With the proliferation of Hadoop and cloud object stores such as AWS S3, we’ve added another piece to the puzzle. However, data lakes rarely have the performance or query capability of a data warehouse; therefore, they add to proliferation more than they reduce it.

Finally, the intense interest in machine learning and AI is driving companies to deploy more systems, such as Apache Spark. Apache Spark does not replace the database, the data warehouse, or the data lake, but rather complements these systems with a robust transformation engine. Proliferation remains.

However, today a movement is underway to bring data systems back to the united front where they began, where transactions and analytics took place in a single system.

New architectures and performance capabilities allow for systems that combine both transactional and analytical workloads. These can reduce the amount of sprawl between databases and data warehouses, as well as potentially alleviate additional systems.

Prominent analyst groups such as Gartner, Forrester, and 451 Research have all identified this trend, although they refer to it by different terms. Gartner calls it hybrid transaction/analytical processing, or HTAP. Forrester refers to it as translytical, and 451 Research uses the term hybrid operational analytical processing, or HOAP.

Regardless of terminology, the convergence trend is here, allowing companies to simplify data architectures, reduce or eliminate the need for ETL (extract, transform, load) and build modern, scalable applications that can support real-time engagements, a critical enabler of digital transformation.

3. Cloud

The dominant deployment factor for data architects today is the cloud. And while there is no single answer to provide cloud direction, a few guidelines will help ensure success.

Stay standards-based for cloud-only deployments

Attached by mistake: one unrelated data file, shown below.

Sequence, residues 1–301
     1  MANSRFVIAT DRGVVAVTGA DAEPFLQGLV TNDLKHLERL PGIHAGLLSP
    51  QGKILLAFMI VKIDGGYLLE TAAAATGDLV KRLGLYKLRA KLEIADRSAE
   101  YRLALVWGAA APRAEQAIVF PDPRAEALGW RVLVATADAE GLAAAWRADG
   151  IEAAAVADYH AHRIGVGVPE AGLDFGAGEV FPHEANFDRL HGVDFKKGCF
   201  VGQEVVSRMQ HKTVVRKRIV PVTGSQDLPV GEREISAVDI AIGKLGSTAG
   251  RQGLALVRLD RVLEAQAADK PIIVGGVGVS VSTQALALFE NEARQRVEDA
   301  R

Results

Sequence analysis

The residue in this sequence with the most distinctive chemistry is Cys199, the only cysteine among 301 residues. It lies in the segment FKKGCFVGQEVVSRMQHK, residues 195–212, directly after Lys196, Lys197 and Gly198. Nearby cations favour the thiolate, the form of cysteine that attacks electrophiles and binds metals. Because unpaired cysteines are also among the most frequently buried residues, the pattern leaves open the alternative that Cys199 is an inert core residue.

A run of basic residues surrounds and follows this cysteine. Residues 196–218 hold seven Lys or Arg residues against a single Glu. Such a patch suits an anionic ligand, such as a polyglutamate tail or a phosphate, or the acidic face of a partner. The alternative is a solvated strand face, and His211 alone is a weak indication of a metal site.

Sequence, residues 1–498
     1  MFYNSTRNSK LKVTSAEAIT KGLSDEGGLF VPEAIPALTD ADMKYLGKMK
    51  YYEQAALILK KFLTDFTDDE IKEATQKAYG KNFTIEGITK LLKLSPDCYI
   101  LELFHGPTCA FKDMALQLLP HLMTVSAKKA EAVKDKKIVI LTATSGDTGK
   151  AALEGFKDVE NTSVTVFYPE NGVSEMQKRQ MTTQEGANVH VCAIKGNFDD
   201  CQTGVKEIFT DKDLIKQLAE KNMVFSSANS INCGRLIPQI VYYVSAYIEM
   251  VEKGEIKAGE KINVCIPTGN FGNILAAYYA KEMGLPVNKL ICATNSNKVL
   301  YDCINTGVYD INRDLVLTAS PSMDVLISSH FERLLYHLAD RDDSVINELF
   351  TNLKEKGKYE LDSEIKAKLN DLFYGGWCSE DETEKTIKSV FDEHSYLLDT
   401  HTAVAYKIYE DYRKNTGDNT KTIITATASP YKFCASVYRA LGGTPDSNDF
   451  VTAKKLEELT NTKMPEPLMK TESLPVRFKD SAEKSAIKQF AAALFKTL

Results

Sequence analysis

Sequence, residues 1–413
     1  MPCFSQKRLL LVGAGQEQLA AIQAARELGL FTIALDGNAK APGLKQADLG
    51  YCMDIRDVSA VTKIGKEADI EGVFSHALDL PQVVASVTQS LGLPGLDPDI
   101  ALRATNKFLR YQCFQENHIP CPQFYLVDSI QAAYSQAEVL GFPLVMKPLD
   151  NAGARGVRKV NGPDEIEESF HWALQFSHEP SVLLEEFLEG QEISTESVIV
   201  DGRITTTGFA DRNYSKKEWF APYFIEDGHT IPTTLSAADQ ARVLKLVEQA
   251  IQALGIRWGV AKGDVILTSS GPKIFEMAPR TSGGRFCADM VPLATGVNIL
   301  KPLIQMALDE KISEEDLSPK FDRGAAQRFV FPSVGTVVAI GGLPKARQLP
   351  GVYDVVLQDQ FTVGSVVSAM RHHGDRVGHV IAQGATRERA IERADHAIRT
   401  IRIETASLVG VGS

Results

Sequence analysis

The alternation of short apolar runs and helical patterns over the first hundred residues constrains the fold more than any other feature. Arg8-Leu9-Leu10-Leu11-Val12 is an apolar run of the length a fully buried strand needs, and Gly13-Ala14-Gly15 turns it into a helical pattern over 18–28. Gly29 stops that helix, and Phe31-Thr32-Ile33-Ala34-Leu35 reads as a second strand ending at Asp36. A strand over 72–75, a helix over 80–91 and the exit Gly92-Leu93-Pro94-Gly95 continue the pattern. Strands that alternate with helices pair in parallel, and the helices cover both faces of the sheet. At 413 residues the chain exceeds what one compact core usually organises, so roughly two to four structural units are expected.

Each major cloud offers a variety of software services on top of basic infrastructure deployment. Database choices are just one. When picking a cloud database solution, be sure to stick with those that are standards-friendly. For example, databases that support ANSI SQL will allow you greater flexibility to migrate over time, should that be required. Databases that use their own query language will pose a more formidable migration challenge.

Assess multicloud requirements

Today or in the future, your solution may need to run on more than one cloud. If so, be sure that the data solution you pick supports that deployment model. For example, companies serving the retail sector, their clients may have preferences for specific clouds. You can understand why Amazon may be less favored by large retailers compared to Microsoft Azure.

Even so, cloud flexibility often makes business sense by helping provide competitive pricing, and an insurance policy of choice. Understandably maintaining a solution on multiple clouds can take a bit more effort, but the benefits often outweigh it.

Assess on-premises requirements

Even though the megatrends point to the cloud, with data solutions there are often cases where an on-premises solution makes sense. Data architects now need to consider standards-based solutions that work across multiple clouds and on-premises for complete coverage.

Architect for success through consideration, consolidation and cloud

Designing the right data solution for modern applications requires sound research and understanding of what is available both outside and, more importantly, inside your company. Spend the time up front on consideration, consolidation and cloud to ensure the most success, and set you on a path from data to digital transformation.